3 ways technology can help build business agility
Learning technologies are here to stay, so it’s time we got smarter in the way we are using them. Our learner voice research with over 5000 workers shows that 7 in 10 learners want to do their job faster and better. Is technology helping you do this and if not, why? In this article I explore three ways that organisations can be using learning technologies to enhance the learning experience in ways that increase staff and business agility
1. Make connections
In our report Unlocking Potential , we see that Top deck learning teams are three times as likely to agree they are improving team work, reducing time to competency and responding faster to change compared to the average. They are also 3 times more likely to agree that their staff know how to productively connect and share.
Beyond training, away days and forced team building, technology creates a platform where employees can talk to each other, share ideas and collaborate. Social learning platforms such as Yammer are a great way to do this. As a fellow ‘yammbassodor’ myself I found the platform to be a useful way to connect with teams across the business and share my ideas on upcoming projects and events. By having the freedom to join different groups I have been able to discover what’s happening in the company outside my role and department. I have also found that it’s helped me build strong connections with my peers by learning more about the person behind the job. For example who knew there were so many people on my website project team that were bake off fans like myself?
2. Learn on the move
Our latest Learner Voice report revealed that 48% of learners use their personal mobiles to download work related apps to help them perform better. If your L&D content is relevant to building performance but not mobile optimized you’re missing a trick. If you are not developing specific apps to enhance learning you’re missing an even bigger trick. Our staff may rely heavily on apps but only 18% of L&D teams are using native mobile apps to support learning at the point of need. It’s all about the learner and what works for them. If mobile is helping them develop their skills you need to be supporting this. Only then will you be able to measure the true impact of your L&D resources. It’s one thing having the resources and another getting people to use them.
3. Prioritise learning transfer
When staff want to be able to do their job better and faster we need to find ways to accelerate the way they build new skills and capability. Classroom learning is not dead, it’s the way that it is done that needs to change.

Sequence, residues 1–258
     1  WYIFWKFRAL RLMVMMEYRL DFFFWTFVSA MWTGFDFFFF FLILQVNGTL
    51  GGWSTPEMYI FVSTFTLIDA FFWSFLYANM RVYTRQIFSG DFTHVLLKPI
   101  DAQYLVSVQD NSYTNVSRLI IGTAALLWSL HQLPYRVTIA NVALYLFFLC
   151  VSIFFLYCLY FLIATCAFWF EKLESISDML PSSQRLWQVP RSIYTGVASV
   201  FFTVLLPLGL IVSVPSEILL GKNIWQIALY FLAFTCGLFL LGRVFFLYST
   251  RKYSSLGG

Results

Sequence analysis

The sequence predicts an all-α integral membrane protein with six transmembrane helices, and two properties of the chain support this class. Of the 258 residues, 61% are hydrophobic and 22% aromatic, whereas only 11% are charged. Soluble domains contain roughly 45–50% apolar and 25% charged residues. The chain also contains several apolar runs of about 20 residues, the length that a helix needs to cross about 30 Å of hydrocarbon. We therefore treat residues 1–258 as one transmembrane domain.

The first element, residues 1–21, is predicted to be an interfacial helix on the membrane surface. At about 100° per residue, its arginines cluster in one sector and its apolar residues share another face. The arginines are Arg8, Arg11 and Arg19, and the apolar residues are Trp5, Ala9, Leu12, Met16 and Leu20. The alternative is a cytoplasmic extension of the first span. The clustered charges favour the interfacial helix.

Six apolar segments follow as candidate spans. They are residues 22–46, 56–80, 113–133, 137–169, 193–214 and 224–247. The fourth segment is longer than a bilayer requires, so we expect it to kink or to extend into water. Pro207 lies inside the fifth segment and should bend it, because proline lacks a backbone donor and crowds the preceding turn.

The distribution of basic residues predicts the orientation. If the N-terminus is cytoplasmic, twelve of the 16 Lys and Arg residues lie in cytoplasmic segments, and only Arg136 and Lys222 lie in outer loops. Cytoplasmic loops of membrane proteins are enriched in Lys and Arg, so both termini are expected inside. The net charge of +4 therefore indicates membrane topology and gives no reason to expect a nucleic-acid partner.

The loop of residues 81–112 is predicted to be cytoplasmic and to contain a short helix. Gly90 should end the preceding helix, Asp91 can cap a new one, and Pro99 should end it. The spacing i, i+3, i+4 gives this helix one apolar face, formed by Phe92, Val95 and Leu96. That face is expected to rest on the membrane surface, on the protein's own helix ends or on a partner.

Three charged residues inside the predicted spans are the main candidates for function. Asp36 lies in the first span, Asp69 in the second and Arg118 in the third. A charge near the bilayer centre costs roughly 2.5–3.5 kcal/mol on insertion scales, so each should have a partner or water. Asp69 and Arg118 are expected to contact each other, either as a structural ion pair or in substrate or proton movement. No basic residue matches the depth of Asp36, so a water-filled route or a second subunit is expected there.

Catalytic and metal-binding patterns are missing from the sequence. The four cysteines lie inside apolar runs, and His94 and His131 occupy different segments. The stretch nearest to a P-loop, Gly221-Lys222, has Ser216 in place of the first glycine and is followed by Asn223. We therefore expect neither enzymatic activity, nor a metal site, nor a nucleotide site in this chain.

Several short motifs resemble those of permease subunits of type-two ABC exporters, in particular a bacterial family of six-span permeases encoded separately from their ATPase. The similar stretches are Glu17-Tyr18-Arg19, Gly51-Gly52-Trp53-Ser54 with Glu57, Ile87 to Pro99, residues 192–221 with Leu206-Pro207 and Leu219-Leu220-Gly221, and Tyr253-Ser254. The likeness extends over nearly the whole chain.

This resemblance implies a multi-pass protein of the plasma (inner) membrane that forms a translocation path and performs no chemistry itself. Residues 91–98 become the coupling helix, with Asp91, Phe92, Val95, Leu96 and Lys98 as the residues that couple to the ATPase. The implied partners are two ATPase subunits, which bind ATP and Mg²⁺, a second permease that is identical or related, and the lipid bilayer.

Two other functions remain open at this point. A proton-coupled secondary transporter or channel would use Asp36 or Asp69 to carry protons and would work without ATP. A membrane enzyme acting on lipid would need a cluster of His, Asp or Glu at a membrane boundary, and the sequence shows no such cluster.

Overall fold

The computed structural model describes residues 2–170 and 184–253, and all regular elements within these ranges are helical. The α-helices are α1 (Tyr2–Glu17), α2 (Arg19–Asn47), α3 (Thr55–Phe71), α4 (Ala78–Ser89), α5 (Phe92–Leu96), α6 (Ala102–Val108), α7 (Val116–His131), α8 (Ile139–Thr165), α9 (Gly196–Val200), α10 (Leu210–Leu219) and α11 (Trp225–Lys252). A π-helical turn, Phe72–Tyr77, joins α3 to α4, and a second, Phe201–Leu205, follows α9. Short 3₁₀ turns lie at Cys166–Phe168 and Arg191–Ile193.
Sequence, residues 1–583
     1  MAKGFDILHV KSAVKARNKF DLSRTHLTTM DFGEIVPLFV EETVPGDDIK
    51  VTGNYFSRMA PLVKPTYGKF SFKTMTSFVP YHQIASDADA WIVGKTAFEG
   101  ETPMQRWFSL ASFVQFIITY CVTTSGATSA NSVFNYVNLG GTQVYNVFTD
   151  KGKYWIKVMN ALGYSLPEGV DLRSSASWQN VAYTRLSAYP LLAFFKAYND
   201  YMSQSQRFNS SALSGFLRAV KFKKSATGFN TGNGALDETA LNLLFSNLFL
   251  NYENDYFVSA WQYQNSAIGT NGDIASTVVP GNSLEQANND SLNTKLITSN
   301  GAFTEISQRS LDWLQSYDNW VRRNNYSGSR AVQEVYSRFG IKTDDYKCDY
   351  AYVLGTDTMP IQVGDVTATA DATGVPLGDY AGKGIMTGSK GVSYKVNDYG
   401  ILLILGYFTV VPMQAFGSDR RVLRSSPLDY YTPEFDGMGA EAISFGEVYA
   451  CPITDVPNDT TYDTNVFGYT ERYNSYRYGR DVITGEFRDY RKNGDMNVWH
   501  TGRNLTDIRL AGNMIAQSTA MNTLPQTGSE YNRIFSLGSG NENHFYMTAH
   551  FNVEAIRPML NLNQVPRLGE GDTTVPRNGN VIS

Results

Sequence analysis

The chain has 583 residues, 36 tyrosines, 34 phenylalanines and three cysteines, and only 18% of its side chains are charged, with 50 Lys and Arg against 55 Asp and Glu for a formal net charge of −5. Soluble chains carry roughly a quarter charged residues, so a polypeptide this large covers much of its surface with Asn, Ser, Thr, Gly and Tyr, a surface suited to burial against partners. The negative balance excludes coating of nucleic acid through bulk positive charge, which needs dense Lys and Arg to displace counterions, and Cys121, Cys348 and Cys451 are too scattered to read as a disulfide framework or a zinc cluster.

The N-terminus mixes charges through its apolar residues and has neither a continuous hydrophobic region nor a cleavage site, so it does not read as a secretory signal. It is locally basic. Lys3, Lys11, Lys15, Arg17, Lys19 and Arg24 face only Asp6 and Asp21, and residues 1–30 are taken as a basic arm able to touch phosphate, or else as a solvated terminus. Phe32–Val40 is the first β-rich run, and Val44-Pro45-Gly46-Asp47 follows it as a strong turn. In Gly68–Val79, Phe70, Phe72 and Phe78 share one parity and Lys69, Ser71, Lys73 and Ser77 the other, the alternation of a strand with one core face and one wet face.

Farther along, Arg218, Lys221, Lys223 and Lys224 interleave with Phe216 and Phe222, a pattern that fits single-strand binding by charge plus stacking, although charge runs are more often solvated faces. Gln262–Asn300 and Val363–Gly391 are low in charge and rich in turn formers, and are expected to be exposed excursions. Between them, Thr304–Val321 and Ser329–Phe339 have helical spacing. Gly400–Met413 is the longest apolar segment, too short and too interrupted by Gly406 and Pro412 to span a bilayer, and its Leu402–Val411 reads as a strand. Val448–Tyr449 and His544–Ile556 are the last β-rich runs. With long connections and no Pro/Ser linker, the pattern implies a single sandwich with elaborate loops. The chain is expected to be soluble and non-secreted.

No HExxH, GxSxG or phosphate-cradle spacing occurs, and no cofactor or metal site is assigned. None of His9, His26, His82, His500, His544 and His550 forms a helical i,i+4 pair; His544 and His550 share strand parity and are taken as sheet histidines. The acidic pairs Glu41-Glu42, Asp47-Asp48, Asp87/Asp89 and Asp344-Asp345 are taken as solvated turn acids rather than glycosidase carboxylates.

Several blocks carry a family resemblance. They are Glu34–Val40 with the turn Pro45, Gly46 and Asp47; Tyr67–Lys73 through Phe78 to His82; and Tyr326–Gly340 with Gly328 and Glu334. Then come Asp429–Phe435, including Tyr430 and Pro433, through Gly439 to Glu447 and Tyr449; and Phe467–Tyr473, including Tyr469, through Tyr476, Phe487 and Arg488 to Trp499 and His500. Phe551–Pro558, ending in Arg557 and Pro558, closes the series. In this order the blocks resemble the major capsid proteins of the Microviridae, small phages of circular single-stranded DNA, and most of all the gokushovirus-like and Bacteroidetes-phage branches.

You need to be integrating your online learning capabilities with face to face training to deliver not just efficiency but to increase the speed in which learning transfer happens. Our 2016 benchmark report found that Top Deck organisations are 3x as likely to ensure their face to face training builds on lessons learned from elearning and they provide job aids and other performance support tools via mobile technology to support performance back at work.
Classroom and online learning should be considered hand-in-hand when looking to achieve efficiency and not as separate entities. The classroom trainer plays a critical role in achieving success at this stage and has the power to accelerate skills transfer through savvy use of technology.
Your workers are often at the forefront when it comes to adopting L&D technologies – even if they don’t call it learning, they are connecting with others and accessing the learning they need on the move. It’s time to catch up! Are you already using these learning technologies in your L&D strategy? If so we want to hear all about it , follow us at @towardsmaturity and share your thoughts!
Compare your L&D strategy with the Towards Maturity Learning Health Check
Compare your L&D strategy
Review your L&D strategy to discover your strengths and opportunities for improvement with the Towards Maturity Learning Health Check.
Towards Maturity Learning Health Check season extended to Monday 16 September. Early 2019 results highlight that only 7% of L&D leaders report that their organisation encourages and provides time for reflection*
By popular demand, the 2019 Learning Health Check season has now been extended until Monday 16th September. There is still enough time to complete your review and revisiting regularly can also help learning professionals to measure progress year on year, highlight areas where improvement is needed and provide evidence to build a business case for change.
When it comes to organisational culture, performance and learning, blind spots (or as they are often referred to ‘not seeing the light’) are usually found at the root of most of our problems with work today. These problems shape our day to day conversations, thinking, mood, judgement, decisions-making, or fundamental lack of them. These issues can make or break your workplace experience.
With 56% of organisations reporting that a lack of learner engagement is hindering the success of compliance within the business, it is clear that something needs to be done to highlight the value of these programmes to learners in order for them to engage with the content and retain the information.
In Deloitte’s 2019 Global Human Capital Trends report, their top-rated trend for 2019 is the need to improve Learning and Development (L&D). 86% of respondents to their global survey rated this issue important or very important, with only 10% of respondents feeling “very ready” to address it.
The UK’s most comprehensive learning event takes place on 15 and 16 October at Birmingham’s NEC.
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